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Celebrating Everyday Spirituality

Sunflower Seeds

Celebrating Everyday Spirituality

Are You a Perfectionist?

Are you a perfectionist? It’s a good question to ask ourselves on occasion.

What is a perfectionist? In psychology, perfectionists are individuals who possess an excessive drive for flawlessness. They set extremely high performance standards for themselves and are unreasonably critical of themselves when they don’t meet their standards. They also tend to measure their self-worth by productivity and are susceptible to depression when they “don’t produce.”

I wrote a poem about perfectionism in my book, When the Blue Heron Flies. Let me share that poem with you here and then offer a few questions for your personal reflection:

“Perfectionism”

Perfectionism is a cruel taskmaster.

Perfectionism can lead to lots of frustration.
Perfectionism can lead to lots of frustration.

Scant is her reward for your onerous labors.

She bestows no peace, no joy, no closure.

She never says, “Well done! Good job! Take a rest!”

Instead all she ever says is, “More! More! More!”

Even if you meet her demands

in a given area of your life,

she quickly finds fault with all the rest of you

and persists in her relentless nagging.

Why strain yourself for her unwinnable approval?

Patience can help curb perfectionism.
Patience can help curb perfectionism.

Far better to expend yourself on befriending one of these:

Humility, Patience, Loose Ends.

Do you ever get caught up in the pursuit of perfectionism? If so, why? If not, why not?

The poem suggests befriending one of these: humility, patience, loose ends. Have you befriended any of these? How do these prevent us from being caught up in perfectionism?

Our song today is “Trust in You” by Lauren Daigle. In our quest to curb perfectionism, we must remember that ultimately our trust is not in our talents, power, cleverness, or even goodness. Our trust is in God.

 

Is there anything on this topic that you would like to share with us? We enjoy hearing from you!

 

 

21 Responses

  1. Sr. Melannie,

    I like the idea of befriending “loose ends.” I often am driven by getting through my list of things to do but leaving a few things at loose ends might help me trust God more.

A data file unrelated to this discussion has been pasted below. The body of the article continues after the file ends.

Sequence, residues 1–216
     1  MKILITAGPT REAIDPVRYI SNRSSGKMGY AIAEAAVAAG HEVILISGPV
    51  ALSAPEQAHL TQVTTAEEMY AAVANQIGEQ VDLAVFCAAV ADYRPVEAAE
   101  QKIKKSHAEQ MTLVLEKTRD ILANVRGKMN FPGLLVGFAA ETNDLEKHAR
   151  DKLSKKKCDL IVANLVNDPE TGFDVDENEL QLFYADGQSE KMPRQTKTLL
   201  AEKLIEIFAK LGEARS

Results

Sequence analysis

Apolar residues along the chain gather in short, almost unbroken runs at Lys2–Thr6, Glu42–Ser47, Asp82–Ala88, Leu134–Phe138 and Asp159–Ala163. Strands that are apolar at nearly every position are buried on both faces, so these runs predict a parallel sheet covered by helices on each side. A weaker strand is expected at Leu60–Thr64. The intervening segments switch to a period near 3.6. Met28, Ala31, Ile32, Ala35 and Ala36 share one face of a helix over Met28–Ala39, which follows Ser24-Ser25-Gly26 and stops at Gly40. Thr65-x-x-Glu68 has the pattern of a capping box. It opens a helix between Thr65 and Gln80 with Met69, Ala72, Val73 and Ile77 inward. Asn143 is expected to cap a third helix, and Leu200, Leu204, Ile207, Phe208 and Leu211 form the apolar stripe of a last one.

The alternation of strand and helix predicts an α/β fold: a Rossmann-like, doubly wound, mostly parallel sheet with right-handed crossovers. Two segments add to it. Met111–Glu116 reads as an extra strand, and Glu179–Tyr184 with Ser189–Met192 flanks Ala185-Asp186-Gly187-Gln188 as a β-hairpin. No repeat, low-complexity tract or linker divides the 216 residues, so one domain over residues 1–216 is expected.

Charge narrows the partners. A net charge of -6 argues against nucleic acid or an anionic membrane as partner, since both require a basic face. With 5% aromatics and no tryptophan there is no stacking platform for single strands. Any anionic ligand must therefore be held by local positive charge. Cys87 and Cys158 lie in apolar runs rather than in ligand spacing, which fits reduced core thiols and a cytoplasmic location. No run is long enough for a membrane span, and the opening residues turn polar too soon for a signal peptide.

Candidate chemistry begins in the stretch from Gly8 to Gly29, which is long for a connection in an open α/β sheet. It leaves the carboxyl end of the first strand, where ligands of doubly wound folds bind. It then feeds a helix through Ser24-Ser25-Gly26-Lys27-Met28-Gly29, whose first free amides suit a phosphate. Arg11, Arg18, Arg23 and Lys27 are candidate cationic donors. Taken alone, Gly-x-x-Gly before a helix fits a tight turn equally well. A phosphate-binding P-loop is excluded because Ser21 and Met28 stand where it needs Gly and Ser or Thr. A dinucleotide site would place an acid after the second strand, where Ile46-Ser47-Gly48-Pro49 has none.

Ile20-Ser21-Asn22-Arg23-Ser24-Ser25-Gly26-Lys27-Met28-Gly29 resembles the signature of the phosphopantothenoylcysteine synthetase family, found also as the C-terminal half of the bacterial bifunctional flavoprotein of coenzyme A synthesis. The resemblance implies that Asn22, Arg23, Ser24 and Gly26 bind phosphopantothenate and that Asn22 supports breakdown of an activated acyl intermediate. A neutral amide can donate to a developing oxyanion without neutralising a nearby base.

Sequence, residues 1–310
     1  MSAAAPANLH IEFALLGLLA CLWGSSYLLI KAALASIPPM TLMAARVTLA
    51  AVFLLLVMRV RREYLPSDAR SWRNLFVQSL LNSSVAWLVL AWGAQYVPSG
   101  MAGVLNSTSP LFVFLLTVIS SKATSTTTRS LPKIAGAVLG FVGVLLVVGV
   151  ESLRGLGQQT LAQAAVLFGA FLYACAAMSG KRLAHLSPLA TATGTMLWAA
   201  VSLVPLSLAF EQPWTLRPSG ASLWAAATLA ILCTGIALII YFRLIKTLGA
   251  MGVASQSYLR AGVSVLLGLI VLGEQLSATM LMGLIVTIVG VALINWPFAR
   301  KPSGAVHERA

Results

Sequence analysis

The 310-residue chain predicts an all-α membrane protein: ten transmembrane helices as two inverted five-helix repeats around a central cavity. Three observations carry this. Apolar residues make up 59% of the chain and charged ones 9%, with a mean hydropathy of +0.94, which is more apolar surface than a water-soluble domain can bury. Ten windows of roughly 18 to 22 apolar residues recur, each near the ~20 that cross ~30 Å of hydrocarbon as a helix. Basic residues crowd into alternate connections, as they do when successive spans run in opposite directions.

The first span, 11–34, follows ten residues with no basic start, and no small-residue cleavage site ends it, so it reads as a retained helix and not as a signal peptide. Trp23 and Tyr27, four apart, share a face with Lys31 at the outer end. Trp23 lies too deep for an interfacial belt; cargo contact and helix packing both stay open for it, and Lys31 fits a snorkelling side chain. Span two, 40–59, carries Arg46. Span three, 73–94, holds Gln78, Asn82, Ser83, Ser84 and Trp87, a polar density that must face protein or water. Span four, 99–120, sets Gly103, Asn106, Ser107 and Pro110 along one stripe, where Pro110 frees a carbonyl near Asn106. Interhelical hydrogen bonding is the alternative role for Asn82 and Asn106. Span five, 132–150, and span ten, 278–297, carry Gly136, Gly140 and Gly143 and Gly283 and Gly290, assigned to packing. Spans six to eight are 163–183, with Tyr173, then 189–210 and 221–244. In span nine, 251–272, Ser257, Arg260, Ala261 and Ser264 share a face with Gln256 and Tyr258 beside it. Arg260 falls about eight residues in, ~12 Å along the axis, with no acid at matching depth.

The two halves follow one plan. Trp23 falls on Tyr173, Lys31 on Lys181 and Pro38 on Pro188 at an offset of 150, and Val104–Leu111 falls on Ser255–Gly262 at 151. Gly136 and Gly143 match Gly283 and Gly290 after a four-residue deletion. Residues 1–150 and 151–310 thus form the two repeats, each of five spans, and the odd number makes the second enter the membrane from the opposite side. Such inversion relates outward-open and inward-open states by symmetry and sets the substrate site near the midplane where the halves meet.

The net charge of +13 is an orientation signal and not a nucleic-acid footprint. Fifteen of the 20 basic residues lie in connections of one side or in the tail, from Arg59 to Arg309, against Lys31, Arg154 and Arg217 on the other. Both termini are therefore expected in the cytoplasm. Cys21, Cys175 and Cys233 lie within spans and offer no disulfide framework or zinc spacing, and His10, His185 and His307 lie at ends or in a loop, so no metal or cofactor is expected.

Thanks for sharing your poem. God bless!

    Kathleen

  2. Dear Sr. Melannie,

    I look forward to your words every Monday morning. Thank you! Your poem implies that perfectionism is devoid of mercy. I completely agree. Kathleen, I, too, like the “loose ends” image of the poem. At times we want to tie things in neat knots, but we all know that if walk far enough, a shoe lace loosens!

  3. Thank you for the reminder about perfectionism. As a #1 on the Enneagram I can relate. Recently I heard it said that “Perfect is not perfect.” That has become a mantra for me and now I enjoy the “not perfect” even more. Isn’t that perfect???

  4. Dear Sr. Melannie,
    I just completed giving a Christ renews his parish retreat this weekend in our parish. I am such a “Martha” at heart. Yesterday the theme of perfectionism kept creeping its way into my heart and soul. It plagues me at times. How timely was your reflection. I will save it and refer back to it often. It was balm for my heart this morning.
    Thank you and may God bless your day,
    Mary

  5. Sr Melannie,
    As always you make me stop and think. I have been told… progress not perfection and I try to remind myself of that. Thanks so much for your words of wisdom every week!
    Tina

  6. I recently heard a news commentator say, “the only good Muslim is a bad Muslim.” He went on to explain that the majority of Muslims are wonderful people, but these good people are judged as bad by the terrorist Muslims.

    I’ve since observed the same thing in nearly everything. Whether it is Tiger Woods in golf or a major league stare in baseball or CEO of a large corporation, it’s when they strive for perfection, when performance becomes a substitute for God, and they create chaos. Even true for Catholics. The only good Catholic is a bad Carholic.

  7. I love your blog, Sr. Melannie. Your words always leave me with thoughts to ponder. I am very attached to my ‘to do’ list, which I feel should be completed each day. Yet how important is each item in terms of eternity? That question needs to top my daily list! Thank you for sharing your wisdom with your readers. God bless.